Deep underground, there lies a sleeping giant that we would do well to avoid waking. The giant is a massive, dormant amount of carbon, and it’s better for us that it remains trapped in the ground rather than circulating in the atmosphere as carbon dioxide.
Many of the most crucial debates of the 21st century will involve reducing the amount of carbon dioxide being pumped into the atmosphere. The many possible solutions include trapping carbon, either in the trunks of trees or in underground vaults. The irony is that a massive amount of carbon is already locked safely away underground.
The world’s soil acts as a carbon prison and it holds more of it than the earth’s atmosphere and all of its living things combined. Over three trillion tonnes of the element are incarcerated in soil and about 80% of this is found at depths of up to 3 metres. At these levels, carbon is very stable and plays no part in the carbon cycle, the process where the element is exchanged between the land, air and sea.
Now, Sebastien Fontaine and other scientists from the French National Institute for Agricultural Research have found that deep soil retains carbon so well because it lacks enough fuel for the microbes that decompose organic matter.
They analysed the soil of grasslands in the Massif Central in France. Two thousand years ago, the area was covered in chestnut and hornbeam trees. Through carbon-dating, we know that much of the carbon in the deep soil today comes from the decayed, sunken remains of these former landowners.
Using a suite of analytical techniques, Fontaine showed that the supply of carbon at depths of 10cm and 70cm were very different. At 10cm, where plant roots were common and microbes were plentiful, much of the carbon was younger, staying in the ground for a few hundred years before rejoining the carbon cycle.
In contrast, the soil 70cm down had far fewer roots and just a quarter of the topsoil’s microbe population. Here, carbon cycled slowly, staying in place for over 2,500 years.
The range of carbon compounds at both levels were very similar, as was the proportion of these compounds that were linked to other minerals. Neither of these factors could account for the relative stability of the deeper carbon.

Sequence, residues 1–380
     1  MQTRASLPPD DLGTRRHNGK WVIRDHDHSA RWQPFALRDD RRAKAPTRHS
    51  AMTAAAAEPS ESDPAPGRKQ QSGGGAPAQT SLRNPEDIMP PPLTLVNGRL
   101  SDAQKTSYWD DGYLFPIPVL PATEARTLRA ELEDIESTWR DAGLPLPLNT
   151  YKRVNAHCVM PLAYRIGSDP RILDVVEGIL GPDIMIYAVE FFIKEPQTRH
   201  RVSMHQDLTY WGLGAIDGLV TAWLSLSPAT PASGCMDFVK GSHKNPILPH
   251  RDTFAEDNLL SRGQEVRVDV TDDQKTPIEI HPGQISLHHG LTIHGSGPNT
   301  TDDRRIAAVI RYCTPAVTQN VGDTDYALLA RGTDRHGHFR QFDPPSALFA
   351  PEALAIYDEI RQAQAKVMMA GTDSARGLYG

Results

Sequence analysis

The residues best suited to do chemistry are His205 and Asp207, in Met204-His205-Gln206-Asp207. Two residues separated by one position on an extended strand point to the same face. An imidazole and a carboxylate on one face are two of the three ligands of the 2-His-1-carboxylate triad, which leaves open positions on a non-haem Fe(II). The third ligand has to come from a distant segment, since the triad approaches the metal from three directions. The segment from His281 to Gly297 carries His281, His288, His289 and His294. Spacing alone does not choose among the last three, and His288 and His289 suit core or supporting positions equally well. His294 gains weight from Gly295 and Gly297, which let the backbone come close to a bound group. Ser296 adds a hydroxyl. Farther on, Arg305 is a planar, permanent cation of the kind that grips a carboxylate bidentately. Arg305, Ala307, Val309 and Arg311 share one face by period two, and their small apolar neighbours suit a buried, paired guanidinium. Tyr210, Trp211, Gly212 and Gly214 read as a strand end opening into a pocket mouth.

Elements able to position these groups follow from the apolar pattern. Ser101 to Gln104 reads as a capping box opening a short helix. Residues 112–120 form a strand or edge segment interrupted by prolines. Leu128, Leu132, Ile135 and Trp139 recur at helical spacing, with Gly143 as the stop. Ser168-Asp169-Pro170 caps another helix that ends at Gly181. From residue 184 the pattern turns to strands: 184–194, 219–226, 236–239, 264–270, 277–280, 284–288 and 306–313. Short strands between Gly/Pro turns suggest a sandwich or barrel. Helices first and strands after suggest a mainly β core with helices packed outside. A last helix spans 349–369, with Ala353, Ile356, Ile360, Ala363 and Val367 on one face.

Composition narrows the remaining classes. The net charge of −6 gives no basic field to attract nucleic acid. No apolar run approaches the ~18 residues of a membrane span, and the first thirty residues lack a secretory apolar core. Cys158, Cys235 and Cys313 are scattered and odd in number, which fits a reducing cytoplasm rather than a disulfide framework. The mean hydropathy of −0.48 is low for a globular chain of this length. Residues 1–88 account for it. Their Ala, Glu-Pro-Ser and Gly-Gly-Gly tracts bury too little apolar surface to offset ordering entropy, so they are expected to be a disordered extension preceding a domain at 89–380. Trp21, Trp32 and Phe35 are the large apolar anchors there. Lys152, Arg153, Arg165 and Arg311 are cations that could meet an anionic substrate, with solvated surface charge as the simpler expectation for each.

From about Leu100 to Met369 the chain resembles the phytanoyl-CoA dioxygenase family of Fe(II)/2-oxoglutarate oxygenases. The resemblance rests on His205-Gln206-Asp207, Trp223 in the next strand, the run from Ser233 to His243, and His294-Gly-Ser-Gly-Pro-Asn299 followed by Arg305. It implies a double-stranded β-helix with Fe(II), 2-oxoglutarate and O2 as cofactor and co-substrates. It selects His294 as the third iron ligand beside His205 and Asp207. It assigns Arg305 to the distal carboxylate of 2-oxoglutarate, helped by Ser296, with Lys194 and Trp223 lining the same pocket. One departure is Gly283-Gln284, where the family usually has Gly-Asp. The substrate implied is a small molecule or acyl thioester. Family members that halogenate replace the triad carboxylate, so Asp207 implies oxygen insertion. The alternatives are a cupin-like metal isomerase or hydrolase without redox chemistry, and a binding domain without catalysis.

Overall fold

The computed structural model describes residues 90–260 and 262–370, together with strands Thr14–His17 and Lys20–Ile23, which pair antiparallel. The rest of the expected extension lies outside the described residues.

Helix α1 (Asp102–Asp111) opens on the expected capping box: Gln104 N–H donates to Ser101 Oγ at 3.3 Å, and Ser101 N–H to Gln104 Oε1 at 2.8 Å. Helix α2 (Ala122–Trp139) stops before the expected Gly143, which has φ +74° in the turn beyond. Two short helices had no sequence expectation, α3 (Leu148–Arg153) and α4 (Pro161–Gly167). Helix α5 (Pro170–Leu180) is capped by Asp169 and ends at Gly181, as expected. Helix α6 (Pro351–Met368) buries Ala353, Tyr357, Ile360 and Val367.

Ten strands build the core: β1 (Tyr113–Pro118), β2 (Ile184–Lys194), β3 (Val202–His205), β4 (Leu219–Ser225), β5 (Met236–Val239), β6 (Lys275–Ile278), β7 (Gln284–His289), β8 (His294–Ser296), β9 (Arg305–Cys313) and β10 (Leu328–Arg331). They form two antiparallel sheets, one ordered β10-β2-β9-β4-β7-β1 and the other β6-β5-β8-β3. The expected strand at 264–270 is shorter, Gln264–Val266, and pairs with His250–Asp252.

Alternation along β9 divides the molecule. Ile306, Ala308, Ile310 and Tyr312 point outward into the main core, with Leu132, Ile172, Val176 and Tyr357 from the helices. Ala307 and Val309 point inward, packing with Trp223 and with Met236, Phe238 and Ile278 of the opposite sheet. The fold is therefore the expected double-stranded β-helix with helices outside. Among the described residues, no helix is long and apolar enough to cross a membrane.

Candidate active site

Fontaine found that the key factor was the activity of bacteria, fungi and other microbes. At the surface, they are main players responsible for transferring carbon from soil to atmosphere, by decomposing organic matter. They in turn need a constant supply of fresh organic matter to work their enzymatic magic and at the surface, they get it through leaf litter.
Further down, it’s a different story. Fresh organic matter is about 500 times less common, and the soil is made up of chemicals that are difficult to break down. Faced with a harder task and less fuel, the microbes struggle to make a living and their numbers are much fewer. That’s why carbon at these depths is relatively secure.
Fontaine tested his theory by incubating soil the deeper 70cm layer at hot and wet conditions. This roused the bacteria in the soil but only to a small extent. The real boost came when Fontaine added cellulose, the main component of plant litter – that spurred the microbes in the soil into action and they almost doubled in number.
In doing so, they released significant amounts of CO2 and carbon-dating revealed that much of this came from the breakdown of very old carbon. After the cellulose had been used up, the microbes fell back to their original numbers and activity. Clearly, they’re entirely capable of decaying ancient carbon stores but without a fresh organic supply, there isn’t enough energy around to sustain any long-term activity.
On the whole, Fontaine’s work carries a sparkle of glad tidings. They mean that the majority of carbon trapped in soil will remain untouched even if global warming raises the temperature of the surrounding soil. Even with enough heat and moisture, deep-living bacteria will do little to the carbon around them unless they get a fresh supply of carbon.
The problem is that many agricultural methods, do send a fresh stream of organic material into the deep soil. Drought-resistant crops, for example, have unusually extensive root systems that reach down into the depths where ancient carbon sits.
Deep ploughing, where soil is turned before planting, has a similar effect – it’s like banging a large bell to wake up the sleeping giant. A preferable option would be conservation tillage, where the residues from last year’s crops are used as the foundations for a new batch. It barely disturbs the underlying soil, leaving the giant to rest in peace.
Elsewhere on this blog, find out about how nitrogen emissions indirectly capture carbon by fertilising forests, why carbon offset schemes worsen global warming if trees are planted in the wrong places and how biofuels could cut carbon emissions, produce energy and restore dead land.
Reference: Fontaine, Barot, Barré, Bdioui, Mary & Rumpel. 2007. Stability of organic carbon in deep soil layers controlled by fresh carbon supply. Nature 450: 277-279.